Metaphysical Bridges carry Symbols from the Source to the Receiver. This concept derived from the earliest Africans using a tree trunk fallen across a stream; by holding fast to a twisted vine in swinging across a chasm; by a rock formation stretching across a gorge; and later by chopping down trees and laying them across streams. Suspension bridges were built of vines twisted together and fastened to solid supports on either side of a chasm. Primitive African Shamans (priest/medicine men) migrated north from Africa to places like Siberia; later across land-bridges to enter Alaska and on down into North and then South America. Prior to 12, 500 BC in Europe’s Ice Age, the Mediterranean sea was shallow and had land bridges in places. Though Europe’s Cro-Magnons did not tend to move around, Africans were adventurers, migrating all over Europe and Asia. As a result, the Aurignacian culture, and its Art located in Europe was contributed to by both the African Grimaldi Negro and Cro-Magnons (prototype of the White race starting c45,000 BC). Examples include cave paintings of animals in the Chauvet Cave in France (and elsewhere) 35,000 years ago and a carved stone figurine with a skirt of loose strings in Europe 25,000 years ago. After ice melting deepened the Mediterranean Sea, Black Africans’ Art became more isolated and readily distinguishable from European Art. Meanwhile, Primitive Africans created Metaphysical Brigdes.
An early form was in their first attempts to explain why things happened by means of Myths (chiefly stories of deities and the origin of natural things)–which became the ancestors of science and partners with Religion + Philosophy + Legends (stories recounting the origins of family and clan Ancestors). These bridged the audience back to the very dream morning of creation and also explained the rituals and taboos fashioned by their Ancestors. Out of these arose many rituals to bridge the human world and the “Other” world. Ancestor rituals, especially surrounding death and burial, helped to heal the Ancestors themselves and people’s connection with them. The importance of this–foundational to including everybody and of Manners–was based on the belief that African Ancestors serve as keepers of the ethnic past. Thus, the duty of the living is to stay in contact so as to enable them to continue feeling the presence and importance of their Ancestors in their lives. Respect was/is shown by observations of proper rites towards the departed. In the Opening of the Mouth ceremony, the idea is to restore to the corpse the abilities it had enjoyed during life. In the Ancient African experience of performing Libations, any words given are in the form of prayer, invocations, or instructions to the departed. These words are the bridge of communion and people’s witness (to observe and testify to) that they recognize the departed as alive in the Other World. By performing rites and rituals, the performers transcend time, space, and limitation to connect not only with their fellow African people but also with their dead Ancestors who created those rites and rituals. The reason is that the performer(s) is a necessary part of the Afrocentric “Group Spirit.” Those who fail to understand how the “Group Spirit” of African Tradition can bridge two entirely different spheres–like heaven and earth–like the individual’s soul with God–will never be able to know who Black People are, what they are about, where they are going, and how they go about getting to their destination. Thus, related Spiritual Symbols bridge these two realities–man and the spirit world.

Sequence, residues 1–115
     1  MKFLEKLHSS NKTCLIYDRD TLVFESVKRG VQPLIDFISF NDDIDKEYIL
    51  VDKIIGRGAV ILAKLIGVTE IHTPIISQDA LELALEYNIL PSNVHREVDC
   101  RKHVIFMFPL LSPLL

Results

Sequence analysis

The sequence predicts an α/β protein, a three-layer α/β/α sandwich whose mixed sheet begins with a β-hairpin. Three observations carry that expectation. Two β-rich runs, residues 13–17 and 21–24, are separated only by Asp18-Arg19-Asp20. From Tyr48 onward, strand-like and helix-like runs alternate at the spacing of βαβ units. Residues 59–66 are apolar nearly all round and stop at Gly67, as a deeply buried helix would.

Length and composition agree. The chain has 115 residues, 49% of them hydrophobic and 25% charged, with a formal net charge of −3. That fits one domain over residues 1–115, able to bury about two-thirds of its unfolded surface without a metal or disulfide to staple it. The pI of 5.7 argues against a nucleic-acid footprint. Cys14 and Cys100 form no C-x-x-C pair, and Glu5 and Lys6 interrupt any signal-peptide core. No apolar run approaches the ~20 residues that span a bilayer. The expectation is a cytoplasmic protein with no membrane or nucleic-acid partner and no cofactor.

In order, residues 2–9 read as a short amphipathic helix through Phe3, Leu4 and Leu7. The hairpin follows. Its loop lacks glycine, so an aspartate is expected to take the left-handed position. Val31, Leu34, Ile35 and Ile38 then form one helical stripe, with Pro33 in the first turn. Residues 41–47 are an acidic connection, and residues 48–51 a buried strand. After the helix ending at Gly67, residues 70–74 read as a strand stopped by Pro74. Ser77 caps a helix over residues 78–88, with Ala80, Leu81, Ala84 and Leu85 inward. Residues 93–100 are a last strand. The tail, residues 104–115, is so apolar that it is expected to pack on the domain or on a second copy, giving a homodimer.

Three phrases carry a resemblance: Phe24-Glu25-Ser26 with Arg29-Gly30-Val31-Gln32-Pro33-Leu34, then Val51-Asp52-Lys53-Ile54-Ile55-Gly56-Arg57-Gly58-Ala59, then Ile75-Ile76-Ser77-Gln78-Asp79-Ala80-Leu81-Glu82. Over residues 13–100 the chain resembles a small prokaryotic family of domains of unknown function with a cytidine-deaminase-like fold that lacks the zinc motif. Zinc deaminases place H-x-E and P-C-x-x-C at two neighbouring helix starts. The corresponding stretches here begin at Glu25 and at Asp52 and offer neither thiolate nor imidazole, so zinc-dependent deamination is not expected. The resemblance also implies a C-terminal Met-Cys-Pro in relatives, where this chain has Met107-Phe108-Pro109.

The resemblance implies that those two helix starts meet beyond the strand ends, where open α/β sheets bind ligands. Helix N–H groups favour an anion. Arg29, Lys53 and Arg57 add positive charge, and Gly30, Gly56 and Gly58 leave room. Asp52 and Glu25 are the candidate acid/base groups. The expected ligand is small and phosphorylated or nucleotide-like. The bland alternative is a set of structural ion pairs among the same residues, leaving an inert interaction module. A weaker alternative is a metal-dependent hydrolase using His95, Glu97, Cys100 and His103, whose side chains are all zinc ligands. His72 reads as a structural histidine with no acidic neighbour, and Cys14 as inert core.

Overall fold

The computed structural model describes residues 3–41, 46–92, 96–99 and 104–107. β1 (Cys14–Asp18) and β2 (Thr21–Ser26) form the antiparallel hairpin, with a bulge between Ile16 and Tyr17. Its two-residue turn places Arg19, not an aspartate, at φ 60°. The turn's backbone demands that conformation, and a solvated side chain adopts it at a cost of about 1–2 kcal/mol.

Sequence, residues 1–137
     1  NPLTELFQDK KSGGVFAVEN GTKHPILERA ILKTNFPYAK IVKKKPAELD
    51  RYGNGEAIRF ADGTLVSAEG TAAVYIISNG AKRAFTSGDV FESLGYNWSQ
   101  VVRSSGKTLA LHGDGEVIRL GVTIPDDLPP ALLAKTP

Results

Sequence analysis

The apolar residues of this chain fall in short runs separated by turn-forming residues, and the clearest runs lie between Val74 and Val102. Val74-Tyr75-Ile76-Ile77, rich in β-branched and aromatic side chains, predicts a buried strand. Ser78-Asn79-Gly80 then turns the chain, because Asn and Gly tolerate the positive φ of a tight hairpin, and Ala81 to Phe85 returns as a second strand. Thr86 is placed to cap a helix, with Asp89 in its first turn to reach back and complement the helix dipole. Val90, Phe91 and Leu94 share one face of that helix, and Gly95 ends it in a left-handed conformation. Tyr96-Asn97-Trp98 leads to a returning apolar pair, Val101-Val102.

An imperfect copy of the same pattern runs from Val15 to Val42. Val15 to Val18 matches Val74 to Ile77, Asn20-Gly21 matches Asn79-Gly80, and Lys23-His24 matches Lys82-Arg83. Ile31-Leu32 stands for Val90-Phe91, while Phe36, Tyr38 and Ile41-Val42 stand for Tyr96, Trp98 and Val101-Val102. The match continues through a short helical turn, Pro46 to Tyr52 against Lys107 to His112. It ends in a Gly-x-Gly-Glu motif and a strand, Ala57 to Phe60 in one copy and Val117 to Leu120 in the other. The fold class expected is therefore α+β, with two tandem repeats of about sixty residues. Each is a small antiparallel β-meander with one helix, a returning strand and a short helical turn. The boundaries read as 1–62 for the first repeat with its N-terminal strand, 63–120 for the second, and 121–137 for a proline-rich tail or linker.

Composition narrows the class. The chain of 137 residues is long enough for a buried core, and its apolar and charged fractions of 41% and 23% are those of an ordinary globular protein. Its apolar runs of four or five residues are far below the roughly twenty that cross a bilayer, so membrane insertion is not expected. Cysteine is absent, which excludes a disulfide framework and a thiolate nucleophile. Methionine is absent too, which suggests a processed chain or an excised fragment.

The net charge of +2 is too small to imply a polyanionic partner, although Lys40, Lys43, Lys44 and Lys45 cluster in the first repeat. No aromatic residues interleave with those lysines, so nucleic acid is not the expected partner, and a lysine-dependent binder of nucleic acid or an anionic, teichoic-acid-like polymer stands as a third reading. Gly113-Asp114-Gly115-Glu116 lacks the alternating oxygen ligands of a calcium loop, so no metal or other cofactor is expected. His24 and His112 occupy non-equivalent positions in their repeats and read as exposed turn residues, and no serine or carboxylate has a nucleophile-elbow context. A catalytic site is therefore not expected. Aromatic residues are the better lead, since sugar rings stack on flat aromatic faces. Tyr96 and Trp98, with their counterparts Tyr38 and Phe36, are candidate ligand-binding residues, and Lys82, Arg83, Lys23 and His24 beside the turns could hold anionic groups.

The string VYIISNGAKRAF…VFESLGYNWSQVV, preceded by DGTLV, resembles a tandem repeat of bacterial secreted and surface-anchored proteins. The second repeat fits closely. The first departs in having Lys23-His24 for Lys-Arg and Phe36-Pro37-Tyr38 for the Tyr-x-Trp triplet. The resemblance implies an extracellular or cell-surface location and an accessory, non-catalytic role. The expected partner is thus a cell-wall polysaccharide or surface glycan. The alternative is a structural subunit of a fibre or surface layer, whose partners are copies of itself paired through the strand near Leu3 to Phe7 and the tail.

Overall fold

Whereas “Bridge’s” etymological meaning is a ‘road made of logs,’ its metaphorical meaning is the “inner story” carrying one into higher planes of existence. For example, religious singing–whether among Africans or African Americans–is both instructive on an earth world plane as well as palliative (by soothing the emotions) and unifying in a “Group Spirit” sense (by drawing the audience together). In rituals, Dance serves as a bridge between the Metaphysical and the Objective Realms or between ideas and phenomena. In other words, Dance is the vehicle for conveying abstract ideas into concrete form (i.e. communicating thought as matter). Music’s link to the dance derives from the presence of its rhythmic component and is supported by the belief in sound being evocative–i.e. having mystical powers able to evoke psychic forces of tremendous potency. So, what matters is not so much the movements as it is their evocative power. jabaileymd.com
Joseph A. Bailey II, MD, FACS
To create, maintain, and enhance HARMONY